progression of ruthless men looking to make Alamance their bonanza and the people their supplicants. The Alamance settlers were met with a stark choice- to be a hierarchical slave society with the Anglican Virginians as their masters -or be a free society with no one their masters. They chose the latter and rebelled again. Cary’s Rebellion in 1708-1711 showed that they would not readily internalize the hierarchical values of the Virginians and would fight to keep their independence. A new governor named Edward Hyde was, in the end, successful in putting down Cary’s Rebellion and establishing Anglican control, but only by calling in British Marines. It would be that last time that Quakers or anyone not willing to take an oath of allegiance were allowed to hold office. But Hyde would not find his position lucrative, for he would discover, just as his predecessors had, that collecting taxes from these people was next to impossible.
The final stage of the fight for North Carolina involved a player that had, until now, kept to the sidelines. This player was the Tuscarora Indians and their allies. Because of their good relations with the settlers there was none of the animosity and violence that was sown between the Europeans and Native Americans in other areas of Colonial America. The Albemarle settlers did not encroach onto Native American lands out of a mutual respect for their trading partners. The Cassique speculators had no such qualms about violating this trust that had kept the peace for fifty years. In September, 1711 the famous surveyor, ethnographer, and neutral player in the politics of Albemarle, John Lawson, along with the leader of New Bern was sent by the Alamance governor to reconnoiter the Neuse River, looking for new lands to settle. En-route they were taken captive by the Tuscarora. The presence of a land surveyor on their lands, who was known to have staked out land from smaller tribes, set the Tuscarora on a warpath that would leave hundreds dead, including John Lawson (The unfortunate irony is that Lawson is about the only ethnographer that gave an account of the proto-historic Native Americans of Carolina, without which we would know next to nothing. The English were horrible ethnographers, the French and the Spanish were much better). Bath County was ravaged, but the non-Anglican portions of Albemarle were untouched and the settlers would not meet the governor’s call to arms, so the governor had to look elsewhere. The South Carolinians came to their aid and after a protracted and difficult war and siege of Fort Neoheroka (a nearly impenetrable fort designed by a brilliant escaped African slave named Harry) the Tuscarora were defeated and the survivors moved up to New York to live with their Iroquois allies or scattered to live with other tribes in NC.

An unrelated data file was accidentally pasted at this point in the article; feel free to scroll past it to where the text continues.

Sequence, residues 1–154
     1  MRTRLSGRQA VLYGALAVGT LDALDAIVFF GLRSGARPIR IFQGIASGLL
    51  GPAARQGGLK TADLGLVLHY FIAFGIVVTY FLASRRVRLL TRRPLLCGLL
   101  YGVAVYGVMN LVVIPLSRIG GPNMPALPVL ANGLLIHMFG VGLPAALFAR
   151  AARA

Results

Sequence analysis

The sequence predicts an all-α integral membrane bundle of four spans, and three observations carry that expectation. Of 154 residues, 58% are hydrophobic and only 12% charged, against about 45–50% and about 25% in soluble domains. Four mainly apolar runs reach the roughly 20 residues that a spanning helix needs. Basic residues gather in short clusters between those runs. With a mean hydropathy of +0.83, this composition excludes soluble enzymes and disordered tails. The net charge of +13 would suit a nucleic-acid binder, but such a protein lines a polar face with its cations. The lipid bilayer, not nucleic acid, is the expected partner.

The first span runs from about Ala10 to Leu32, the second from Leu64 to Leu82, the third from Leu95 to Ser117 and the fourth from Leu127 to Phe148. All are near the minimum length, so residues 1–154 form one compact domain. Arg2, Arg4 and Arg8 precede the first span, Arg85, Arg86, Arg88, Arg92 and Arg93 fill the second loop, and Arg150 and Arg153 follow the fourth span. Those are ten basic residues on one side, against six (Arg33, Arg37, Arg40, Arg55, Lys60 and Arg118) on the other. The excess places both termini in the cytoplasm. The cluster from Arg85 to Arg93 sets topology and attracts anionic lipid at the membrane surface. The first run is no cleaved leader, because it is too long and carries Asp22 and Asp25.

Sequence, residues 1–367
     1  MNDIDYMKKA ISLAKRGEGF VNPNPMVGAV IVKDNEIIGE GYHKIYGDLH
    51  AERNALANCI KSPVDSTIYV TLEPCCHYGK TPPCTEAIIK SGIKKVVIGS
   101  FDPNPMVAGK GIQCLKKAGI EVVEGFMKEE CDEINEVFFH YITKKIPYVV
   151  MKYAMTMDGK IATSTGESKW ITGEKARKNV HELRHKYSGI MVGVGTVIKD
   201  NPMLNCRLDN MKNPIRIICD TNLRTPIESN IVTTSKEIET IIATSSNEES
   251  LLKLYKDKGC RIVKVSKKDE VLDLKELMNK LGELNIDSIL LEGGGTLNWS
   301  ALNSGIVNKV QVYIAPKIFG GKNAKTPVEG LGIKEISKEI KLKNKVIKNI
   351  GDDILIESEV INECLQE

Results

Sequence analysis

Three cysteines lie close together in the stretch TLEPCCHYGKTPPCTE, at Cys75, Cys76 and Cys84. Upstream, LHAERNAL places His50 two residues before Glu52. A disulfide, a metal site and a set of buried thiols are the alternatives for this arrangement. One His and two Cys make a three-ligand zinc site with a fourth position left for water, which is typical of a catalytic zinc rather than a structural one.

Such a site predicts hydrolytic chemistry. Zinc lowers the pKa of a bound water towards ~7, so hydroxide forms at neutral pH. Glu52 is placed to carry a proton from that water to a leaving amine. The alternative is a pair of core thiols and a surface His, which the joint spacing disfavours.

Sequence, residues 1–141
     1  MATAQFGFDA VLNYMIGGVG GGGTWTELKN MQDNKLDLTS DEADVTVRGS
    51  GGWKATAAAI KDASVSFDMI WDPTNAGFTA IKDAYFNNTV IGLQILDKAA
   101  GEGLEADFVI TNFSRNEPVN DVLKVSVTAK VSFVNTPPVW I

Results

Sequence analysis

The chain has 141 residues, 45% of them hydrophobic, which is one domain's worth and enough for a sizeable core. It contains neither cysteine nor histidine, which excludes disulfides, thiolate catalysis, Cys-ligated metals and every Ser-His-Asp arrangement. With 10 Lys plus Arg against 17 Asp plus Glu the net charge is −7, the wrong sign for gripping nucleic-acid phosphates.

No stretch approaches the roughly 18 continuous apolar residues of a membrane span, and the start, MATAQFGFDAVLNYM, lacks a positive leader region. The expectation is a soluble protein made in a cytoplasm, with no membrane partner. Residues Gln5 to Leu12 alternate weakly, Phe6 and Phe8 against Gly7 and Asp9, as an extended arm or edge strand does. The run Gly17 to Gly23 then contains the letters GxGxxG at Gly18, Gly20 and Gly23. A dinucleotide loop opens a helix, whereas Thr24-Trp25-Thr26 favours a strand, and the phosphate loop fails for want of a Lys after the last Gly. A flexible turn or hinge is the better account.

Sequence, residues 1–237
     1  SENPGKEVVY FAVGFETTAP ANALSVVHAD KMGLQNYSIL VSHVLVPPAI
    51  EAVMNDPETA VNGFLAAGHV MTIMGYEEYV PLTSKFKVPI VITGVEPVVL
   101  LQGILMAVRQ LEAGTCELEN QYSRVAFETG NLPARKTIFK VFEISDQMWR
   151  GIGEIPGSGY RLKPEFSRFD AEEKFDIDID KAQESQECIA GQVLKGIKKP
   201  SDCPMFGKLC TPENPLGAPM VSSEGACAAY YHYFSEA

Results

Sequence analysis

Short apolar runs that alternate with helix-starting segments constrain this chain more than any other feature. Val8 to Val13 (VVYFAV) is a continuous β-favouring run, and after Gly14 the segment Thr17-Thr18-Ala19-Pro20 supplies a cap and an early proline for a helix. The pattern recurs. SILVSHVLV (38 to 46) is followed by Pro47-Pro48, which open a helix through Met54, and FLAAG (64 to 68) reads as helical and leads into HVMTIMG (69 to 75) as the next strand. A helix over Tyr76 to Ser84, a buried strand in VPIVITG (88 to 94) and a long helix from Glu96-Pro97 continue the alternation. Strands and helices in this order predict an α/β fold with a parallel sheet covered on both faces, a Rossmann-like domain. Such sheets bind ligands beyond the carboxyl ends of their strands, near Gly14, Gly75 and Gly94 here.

Asking the martial slave lords of South Carolina to come to one’s aid was a bit like Roman Britain enlisting the Saxons to help defeat the Picts. They may defeat the enemy, but they also may never leave. And the South Carolinians did not want to leave. They married into the Albemarle Anglican planter clique and soon dotted the Cape Fear river with their plantations. The leveling ideals of the Albemarle were not to be the dominant school of thought for the rest of North Carolina’s history but would live on with the new egalitarian Scots Irish and German farmers of the Piedmont who stood up to the Planters (and lost) in the 1760’s during the Regulator Movement. North Carolina, in the end, would be a hierarchical slave society with power in the hands of a few, but at least some fought valiantly against its implementation and McIlvenna does a service by documenting the defiant ones who wanted a different future for their people.